A-level or I.B: which one suits you best?

Most schools in the UK offer students a choice of two acceptable high school programmes at the end of their GCSE/iGCSE examinations: A-level or International Baccalaureate. Students themselves sometimes find it difficult to choose between the two, and some parents do not understand the difference between these programmes.

The question: "Which one should I choose?" comes up year after year, so we provide you with a comparative overview of both programmes.

What is an A-level?

The A-level programme lets you choose any combination of subjects you like (as long as your school or college can provide them). It is a specialised course, which gives a thorough grounding in the chosen academic field. For example, if you only want to study humanities subjects, you can easily do so. In that case, your curriculum will be quite narrow, becausemore or less only three subjects are studied and it would be very unusual to study more than four.

You can choose the subjects yourself
Deeper knowledge

Specialised learning
You can only study 3 or 4 subjects

What is an I.B.?

The IB programme gives students the opportunity to study a wide range of subjects (usually 6). The main difference from A-level is that you can't choose the combination of subjects you like yourself. Subjects are divided into five groups: Languages, Literature, Science, Modern Languages, Humanities and Mathematics.) The student must choose one subject from each category, and the sixth subject may be a subject from any category given. I.B. is great for students who want to study a wide range of subjects. If, however, you want to study a narrowerpathway in subjects, this programme is not suitable for you.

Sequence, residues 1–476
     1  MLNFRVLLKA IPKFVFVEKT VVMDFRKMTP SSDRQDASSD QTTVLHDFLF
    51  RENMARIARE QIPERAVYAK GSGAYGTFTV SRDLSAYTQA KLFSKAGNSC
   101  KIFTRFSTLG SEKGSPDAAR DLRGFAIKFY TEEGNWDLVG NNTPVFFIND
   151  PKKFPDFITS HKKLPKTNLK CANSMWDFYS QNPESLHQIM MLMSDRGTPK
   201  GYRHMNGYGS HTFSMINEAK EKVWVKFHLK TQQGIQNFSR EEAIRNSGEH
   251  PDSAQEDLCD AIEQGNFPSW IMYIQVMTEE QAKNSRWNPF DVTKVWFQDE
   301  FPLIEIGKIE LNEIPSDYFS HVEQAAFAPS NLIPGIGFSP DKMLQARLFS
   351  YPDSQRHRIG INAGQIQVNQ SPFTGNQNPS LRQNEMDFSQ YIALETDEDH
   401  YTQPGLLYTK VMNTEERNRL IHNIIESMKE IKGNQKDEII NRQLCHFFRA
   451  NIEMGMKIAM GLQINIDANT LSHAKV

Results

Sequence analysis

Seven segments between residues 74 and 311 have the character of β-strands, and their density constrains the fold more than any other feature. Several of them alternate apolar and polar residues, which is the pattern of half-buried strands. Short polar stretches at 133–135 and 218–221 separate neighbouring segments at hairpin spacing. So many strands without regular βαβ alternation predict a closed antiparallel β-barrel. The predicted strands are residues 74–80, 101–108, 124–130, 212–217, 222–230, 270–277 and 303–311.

You can study more subjects.
Builds a wide range of knowledge.

You do not have the freedom of subject choice.
Generalised subject knowledge

Which is harder: I.B. or A-level?

Actually both programmes are challenging in their own way, but if you choose I.B. you are likely to have less free time between classes, as the programme is quite intense. As well as academic subjects, you'll have extra classes such as Theory of Knowledge, Extended Essay writing and more. You may think that this programme takes longer at first, but you will definitely do better if you manage your time well.

Students who choose A-levels might have more free time between classes and have a more flexible timetable, but bear in mind that during these "free periods" students need to work on improving their knowledge on their own, as there is a big emphasis on independent study.

What do universities prefer?

University admissions committees rate IB and A-level equally, as both programmes are academically challenging in their own ways. Therefore the final choice depends solely on you and your results.